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Political Reform

The 16th Party Congress: Implications for Understanding Chinese Politics

by Joseph Fewsmithvia China Leadership Monitor
Thursday, January 30, 2003

Jiang Zemin emerged from the recent 16th Party Congress and First Plenary Session of the 16th Central Committee with a sweeping victory. Not only were his "three represents" written into the Chinese Communist Party (CCP) charter, but his allies also emerged in critical positions on the Politburo and its Standing Committee. Jiang himself will continue to hold the chairmanship of the powerful Central Military Commission (CMC). In terms of understanding Chinese politics, however, does this mean that personnel can be manipulated at will, without reference to institutions? Not entirely, for institutions are taking on greater force in Chinese politics, but Jiang has proven a master of working--and dominating--the institutions. Looking closely at the results of the recent CCP congress makes Jiang's victory at the 15th Party Congress in 1997 all the more important. Although it is too early to predict what will ultimately ensue at the highest reaches of Chinese politics, Jiang's domination of personnel decisions makes it very difficult for Hu Jintao, relying primarily on the institutional power of the office of general secretary, to consolidate power in his person.

What Every American Wants

by Milton Friedmanvia Hoover Digest
Thursday, January 30, 2003

The president has proposed sweeping tax cuts. Hover fellow and Nobel laureate Milton Friedman approves.

DEBT AND TAXES: The Bush Administration's Tax Plan

with Michael J. Boskin, Robert Reichvia Uncommon Knowledge
Thursday, January 30, 2003

In January 2003, the Bush administration unveiled a package of proposed new tax cuts, including provisions to eliminate the taxation of dividends and make permanent the 2001 tax cut. President Bush called the plan "an immediate boost to the economy" as well as "essential for the long run to lay the groundwork for future growth and prosperity." Critics have said that the plan doesn't provide short-term economic stimulus and endangers long-term growth and prosperity. Is the Bush tax plan good for the economy or not?

Doom or Boom?

by Charles Wolf Jr.via Hoover Digest
Thursday, January 30, 2003

Gloomy predictions notwithstanding, there are plenty of signs that the American economy is on the rebound. By Charles Wolf Jr.

Party Affairs

China's Leadership Transition: The First Stage

by Alice L. Millervia China Leadership Monitor
Thursday, January 30, 2003

The Chinese Communist Party's (CCP) 16th Party Congress delivered a turnover of top leaders that marks the first stage in a process of managed leadership transition unprecedented in People's Republic of China (PRC) politics. The congress brought to the party's top ranks a new generation of younger leaders and saw the retirement of the cohort of party leaders who had dominated China's politics since the early 1990s. The changes in the party's top leadership foreshadow comparable turnover in top PRC state posts at the 10th National People's Congress (NPC) in March 2003. The congress also ratified amendments to the party constitution that promise a watershed transformation of the party makeup in coming years.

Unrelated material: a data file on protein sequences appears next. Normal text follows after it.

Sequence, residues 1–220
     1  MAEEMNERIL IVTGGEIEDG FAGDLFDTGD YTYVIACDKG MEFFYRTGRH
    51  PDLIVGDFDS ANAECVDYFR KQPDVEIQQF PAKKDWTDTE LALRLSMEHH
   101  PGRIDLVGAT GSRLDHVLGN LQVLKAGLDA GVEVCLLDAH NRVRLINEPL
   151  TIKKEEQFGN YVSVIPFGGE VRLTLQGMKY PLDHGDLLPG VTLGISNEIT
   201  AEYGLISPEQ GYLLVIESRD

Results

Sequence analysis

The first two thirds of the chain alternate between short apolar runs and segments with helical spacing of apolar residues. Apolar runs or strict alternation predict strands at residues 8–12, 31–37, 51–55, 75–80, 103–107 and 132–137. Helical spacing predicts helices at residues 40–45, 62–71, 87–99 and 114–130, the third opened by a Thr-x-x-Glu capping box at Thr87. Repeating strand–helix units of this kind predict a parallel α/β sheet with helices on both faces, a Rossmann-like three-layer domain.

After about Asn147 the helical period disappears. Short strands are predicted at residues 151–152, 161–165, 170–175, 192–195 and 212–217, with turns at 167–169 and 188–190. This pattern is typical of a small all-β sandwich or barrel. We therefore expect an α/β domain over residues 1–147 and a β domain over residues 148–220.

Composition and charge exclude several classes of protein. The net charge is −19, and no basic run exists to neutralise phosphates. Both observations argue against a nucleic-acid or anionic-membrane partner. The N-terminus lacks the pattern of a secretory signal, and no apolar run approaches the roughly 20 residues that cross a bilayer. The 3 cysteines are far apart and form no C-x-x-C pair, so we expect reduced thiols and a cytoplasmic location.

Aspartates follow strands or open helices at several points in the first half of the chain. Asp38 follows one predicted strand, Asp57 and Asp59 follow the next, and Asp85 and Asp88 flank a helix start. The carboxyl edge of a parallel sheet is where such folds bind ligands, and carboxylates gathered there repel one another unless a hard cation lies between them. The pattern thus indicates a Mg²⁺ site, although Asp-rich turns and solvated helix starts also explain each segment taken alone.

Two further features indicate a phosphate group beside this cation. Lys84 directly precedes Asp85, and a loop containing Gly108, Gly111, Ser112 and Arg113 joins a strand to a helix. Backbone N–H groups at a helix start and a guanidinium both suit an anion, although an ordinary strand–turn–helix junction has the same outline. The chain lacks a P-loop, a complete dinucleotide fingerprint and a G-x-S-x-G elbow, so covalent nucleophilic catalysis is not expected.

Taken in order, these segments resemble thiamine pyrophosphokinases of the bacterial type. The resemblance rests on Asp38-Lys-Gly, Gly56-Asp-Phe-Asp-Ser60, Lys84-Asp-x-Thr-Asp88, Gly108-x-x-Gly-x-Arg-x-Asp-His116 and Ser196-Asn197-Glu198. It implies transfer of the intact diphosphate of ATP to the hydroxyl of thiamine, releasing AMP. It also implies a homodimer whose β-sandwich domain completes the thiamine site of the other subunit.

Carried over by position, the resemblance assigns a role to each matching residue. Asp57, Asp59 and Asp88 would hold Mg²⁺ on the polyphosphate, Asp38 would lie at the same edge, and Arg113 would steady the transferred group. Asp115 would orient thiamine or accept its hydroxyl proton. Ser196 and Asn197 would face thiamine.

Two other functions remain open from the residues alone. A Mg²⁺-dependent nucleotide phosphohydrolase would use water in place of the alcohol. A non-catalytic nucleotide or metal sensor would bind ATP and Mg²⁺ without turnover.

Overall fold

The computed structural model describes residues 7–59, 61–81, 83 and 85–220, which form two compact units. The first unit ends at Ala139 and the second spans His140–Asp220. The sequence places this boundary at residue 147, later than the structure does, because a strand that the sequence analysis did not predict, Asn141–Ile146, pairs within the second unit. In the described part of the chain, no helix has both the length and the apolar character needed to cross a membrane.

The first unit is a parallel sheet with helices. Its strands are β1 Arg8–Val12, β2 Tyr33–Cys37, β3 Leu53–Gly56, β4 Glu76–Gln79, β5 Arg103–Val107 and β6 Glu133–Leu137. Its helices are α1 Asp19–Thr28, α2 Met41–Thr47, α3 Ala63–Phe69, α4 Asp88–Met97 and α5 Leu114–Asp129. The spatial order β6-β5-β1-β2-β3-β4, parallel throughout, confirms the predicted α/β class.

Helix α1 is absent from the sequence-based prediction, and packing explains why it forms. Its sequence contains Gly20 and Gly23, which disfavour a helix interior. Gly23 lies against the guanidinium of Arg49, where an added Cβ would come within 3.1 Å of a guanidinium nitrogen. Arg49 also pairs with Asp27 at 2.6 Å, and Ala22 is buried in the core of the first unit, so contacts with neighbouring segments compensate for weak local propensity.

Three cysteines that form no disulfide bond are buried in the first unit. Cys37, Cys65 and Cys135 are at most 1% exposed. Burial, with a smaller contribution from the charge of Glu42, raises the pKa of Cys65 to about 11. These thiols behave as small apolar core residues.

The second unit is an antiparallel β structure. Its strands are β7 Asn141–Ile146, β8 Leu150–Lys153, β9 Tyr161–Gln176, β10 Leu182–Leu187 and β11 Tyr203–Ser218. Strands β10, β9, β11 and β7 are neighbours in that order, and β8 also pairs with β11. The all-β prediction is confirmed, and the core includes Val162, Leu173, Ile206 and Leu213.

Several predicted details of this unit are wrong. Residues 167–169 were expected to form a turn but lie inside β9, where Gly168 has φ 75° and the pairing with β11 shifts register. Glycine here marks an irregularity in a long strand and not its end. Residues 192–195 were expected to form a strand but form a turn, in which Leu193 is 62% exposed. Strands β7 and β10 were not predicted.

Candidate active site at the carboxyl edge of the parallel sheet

Making Deficits Disappear

by Melvyn B. Kraussvia Hoover Digest
Thursday, January 30, 2003

The proper response to the president's tax proposals? Bravo! By Melvyn Krauss.

Why Big Government Is Still the Problem

by Dinesh D’Souzavia Hoover Digest
Thursday, January 30, 2003

Is the era of big government really over? In a word, hardly. By Hoover fellow Dinesh D’Souza.

Analysis and Commentary

Goldilocks and the Three [Russian] Bears

by Alvin Rabushka, Michael S. Bernstamvia
Wednesday, January 22, 2003

Goldilocks has entered the Russian bears' house. High oil prices will harm growth. Low oil prices will harm growth. Only the right oil prices will foster growth.

Analysis and Commentary

Financial Sector Reform in Russia: DÉjÀ Vu All Over Again

by Alvin Rabushka, Michael S. Bernstamvia
Tuesday, January 21, 2003

To this day, neither the IMF or other transition scholars have yet proposed any real reform of Russia's banks. Rather, they, as exemplified in this most recent IMF paper, choose to reiterate shopworn cliches, and then wonder why Russia's banks, and its economy in general, remain in need of reform.

Analysis and Commentary

Russia on Auto-Pilot

by Alvin Rabushka, Michael S. Bernstamvia
Monday, January 6, 2003

Since last summer, the Russian economy has been largely on auto-pilot. Economic policy discussion has virtually ground to a halt.


Economic Policy Working Group

The Working Group on Economic Policy brings together experts on economic and financial policy to study key developments in the U.S. and global economies, examine their interactions, and develop specific policy proposals.

Milton and Rose Friedman: An Uncommon Couple